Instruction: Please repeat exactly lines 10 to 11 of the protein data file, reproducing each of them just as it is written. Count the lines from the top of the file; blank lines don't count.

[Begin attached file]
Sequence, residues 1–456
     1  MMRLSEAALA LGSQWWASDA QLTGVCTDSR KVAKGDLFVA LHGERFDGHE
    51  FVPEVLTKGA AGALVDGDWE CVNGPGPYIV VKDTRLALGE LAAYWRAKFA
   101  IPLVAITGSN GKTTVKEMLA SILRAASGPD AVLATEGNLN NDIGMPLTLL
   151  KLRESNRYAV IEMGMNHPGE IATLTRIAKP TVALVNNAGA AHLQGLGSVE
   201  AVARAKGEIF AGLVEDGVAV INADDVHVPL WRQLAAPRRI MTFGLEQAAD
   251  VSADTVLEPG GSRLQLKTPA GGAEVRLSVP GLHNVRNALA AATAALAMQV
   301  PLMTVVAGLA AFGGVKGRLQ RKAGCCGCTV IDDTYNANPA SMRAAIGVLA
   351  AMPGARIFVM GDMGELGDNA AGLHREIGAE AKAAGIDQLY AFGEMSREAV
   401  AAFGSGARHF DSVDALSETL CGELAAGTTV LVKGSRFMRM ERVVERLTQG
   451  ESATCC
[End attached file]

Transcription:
   401  AAFGSGARHF DSVDALSETL CGELAAGTTV LVKGSRFMRM ERVVERLTQG
   451  ESATCC